March 24, 2009
New Jersey League of Municipalities’ President Testifies on Governor’s Proposed Budget to
Senate Committee in Montclair
Today in Montclair, League of Municipalities President, Mayor Tim McDonough of Hope Township, testified before the Senate Budget and Appropriations Committee, meeting at Montclair State University.
Next year’s budget, as proposed by the Governor, would shave an aggregate of $31.2 million from this year’s diminished municipal revenue replacement funding. Though never welcome, cuts of municipal property tax relief funding are no longer surprising – certainly not at this time. However, they, inevitably, put upward pressure on property taxes. This year, the League will again ask the Legislature to recognize that fact and to give municipalities the tools they will need to relieve that upward pressure. Local budget balancers hope the State will be able to find the means to help on the revenue side. They also hope that the State will give them tools that can be used to address the pressures that unfunded mandates put on the expenditure side.
“It won’t cost the State a penny,” said Mayor McDonough, “to relax or eliminate some of the many mandates that have been imposed, legislatively and administratively, over the course of decades. These mandates drive up the costs of local government and force local budget makers to address a laundry list of State priorities, before they can even begin to plan on how best to meet the local need for vital municipal programs and services.”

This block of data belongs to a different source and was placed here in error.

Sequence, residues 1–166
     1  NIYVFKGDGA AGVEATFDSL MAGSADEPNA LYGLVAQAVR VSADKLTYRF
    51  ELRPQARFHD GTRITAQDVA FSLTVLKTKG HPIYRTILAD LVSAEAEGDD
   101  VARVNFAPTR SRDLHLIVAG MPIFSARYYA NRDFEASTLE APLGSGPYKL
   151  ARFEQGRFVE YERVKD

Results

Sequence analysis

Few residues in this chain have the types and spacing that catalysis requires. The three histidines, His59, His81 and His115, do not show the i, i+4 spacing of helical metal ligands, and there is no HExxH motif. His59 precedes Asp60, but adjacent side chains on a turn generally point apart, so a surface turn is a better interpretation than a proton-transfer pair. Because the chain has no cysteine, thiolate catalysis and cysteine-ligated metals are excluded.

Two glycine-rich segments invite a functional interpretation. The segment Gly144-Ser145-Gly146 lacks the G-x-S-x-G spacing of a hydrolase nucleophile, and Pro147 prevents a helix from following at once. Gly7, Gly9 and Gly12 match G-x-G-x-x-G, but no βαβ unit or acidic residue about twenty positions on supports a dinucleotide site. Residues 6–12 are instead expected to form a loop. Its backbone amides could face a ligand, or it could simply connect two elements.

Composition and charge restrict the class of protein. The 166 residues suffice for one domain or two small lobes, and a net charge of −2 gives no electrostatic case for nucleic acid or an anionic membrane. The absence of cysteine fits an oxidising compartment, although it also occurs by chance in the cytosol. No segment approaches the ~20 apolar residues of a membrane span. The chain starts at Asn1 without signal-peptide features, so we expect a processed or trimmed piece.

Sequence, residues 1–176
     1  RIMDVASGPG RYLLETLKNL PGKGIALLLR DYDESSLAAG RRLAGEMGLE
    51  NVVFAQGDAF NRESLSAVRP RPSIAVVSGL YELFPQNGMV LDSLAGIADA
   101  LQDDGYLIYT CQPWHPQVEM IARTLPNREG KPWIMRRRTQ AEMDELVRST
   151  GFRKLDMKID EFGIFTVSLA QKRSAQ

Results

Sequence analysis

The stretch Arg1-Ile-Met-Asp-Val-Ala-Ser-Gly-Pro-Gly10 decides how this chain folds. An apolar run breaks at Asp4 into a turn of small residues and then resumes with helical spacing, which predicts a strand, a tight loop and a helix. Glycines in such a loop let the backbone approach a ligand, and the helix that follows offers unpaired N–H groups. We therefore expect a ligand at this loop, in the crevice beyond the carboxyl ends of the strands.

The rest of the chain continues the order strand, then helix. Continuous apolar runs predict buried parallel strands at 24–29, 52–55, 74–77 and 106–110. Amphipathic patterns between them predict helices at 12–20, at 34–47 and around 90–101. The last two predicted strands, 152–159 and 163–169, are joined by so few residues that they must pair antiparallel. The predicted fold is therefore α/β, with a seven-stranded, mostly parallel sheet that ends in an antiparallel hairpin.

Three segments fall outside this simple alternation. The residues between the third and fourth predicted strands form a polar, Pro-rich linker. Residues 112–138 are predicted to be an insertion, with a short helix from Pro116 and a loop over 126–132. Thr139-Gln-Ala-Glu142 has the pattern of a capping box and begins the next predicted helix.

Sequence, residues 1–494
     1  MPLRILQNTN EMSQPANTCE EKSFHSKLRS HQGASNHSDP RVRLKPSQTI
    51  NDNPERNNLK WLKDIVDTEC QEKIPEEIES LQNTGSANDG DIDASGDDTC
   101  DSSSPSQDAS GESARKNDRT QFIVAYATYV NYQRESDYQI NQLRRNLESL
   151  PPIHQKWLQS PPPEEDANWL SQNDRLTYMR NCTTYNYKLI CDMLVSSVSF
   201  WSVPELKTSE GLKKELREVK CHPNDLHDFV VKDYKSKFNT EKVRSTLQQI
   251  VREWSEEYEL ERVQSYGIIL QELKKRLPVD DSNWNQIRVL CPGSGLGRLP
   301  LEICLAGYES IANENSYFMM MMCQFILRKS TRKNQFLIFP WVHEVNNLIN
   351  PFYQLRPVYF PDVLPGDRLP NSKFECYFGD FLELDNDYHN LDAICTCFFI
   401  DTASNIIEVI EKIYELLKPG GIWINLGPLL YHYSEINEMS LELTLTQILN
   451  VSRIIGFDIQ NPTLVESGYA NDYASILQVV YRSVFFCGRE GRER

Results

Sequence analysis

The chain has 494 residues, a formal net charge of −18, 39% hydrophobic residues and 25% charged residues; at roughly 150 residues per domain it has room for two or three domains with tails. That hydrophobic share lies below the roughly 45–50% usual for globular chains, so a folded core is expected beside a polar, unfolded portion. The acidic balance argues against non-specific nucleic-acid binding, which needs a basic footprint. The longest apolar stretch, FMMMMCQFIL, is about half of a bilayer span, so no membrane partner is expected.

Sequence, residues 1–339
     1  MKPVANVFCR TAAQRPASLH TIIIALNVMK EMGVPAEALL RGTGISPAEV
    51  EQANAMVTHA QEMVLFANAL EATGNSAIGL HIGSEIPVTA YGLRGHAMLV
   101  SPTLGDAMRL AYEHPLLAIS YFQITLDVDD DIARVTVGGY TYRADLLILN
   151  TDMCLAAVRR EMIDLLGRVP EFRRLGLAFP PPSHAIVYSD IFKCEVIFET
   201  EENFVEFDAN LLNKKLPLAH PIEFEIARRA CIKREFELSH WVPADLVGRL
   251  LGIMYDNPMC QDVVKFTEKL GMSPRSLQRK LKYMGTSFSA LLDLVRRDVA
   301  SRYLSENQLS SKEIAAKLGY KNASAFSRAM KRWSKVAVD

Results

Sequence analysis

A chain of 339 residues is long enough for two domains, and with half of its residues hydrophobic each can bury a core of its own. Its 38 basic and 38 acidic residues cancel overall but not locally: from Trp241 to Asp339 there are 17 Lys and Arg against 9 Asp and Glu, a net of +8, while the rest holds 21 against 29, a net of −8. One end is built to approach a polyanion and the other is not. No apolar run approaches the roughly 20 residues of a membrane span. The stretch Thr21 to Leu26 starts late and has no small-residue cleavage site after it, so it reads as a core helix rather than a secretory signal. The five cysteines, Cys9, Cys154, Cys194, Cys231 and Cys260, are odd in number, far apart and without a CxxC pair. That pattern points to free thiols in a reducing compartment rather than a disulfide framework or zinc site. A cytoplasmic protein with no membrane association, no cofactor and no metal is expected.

The Mayors asked the Legislature to consider:
- A dramatic reform of the State’s binding arbitration law, which forces local officials to submit police and fire contract disputes to the decision of an independent arbitrator.
- And expedited process for evaluation of local permit applications, as delays increase costs.
- A relaxation of certain local training and certification requirements, which have been put in place. In these trying fiscal times, it would be appropriate to allow local policy makers to determine who needs to be trained in what area, how often and in what manner.
- A moratorium on State enforcement of various land use and environmental regulations, until such time as the State can meet its statutory responsibility to fully fund the Consolidated Municipal Property Tax Relief Fund and the Energy Tax Receipts Property Tax Relief Program.
- A relaxation of the inordinate steps and time limits with which municipalities must comply to institute layoffs. If this is the last means of compliance with the tax levy cap and loss of revenues, the State should permit more expeditious actions to effect layoffs.
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For further information contact: William G. Dressel, Jr., Executive Director at (609)695-3481, extension 122 or 609-915-9072.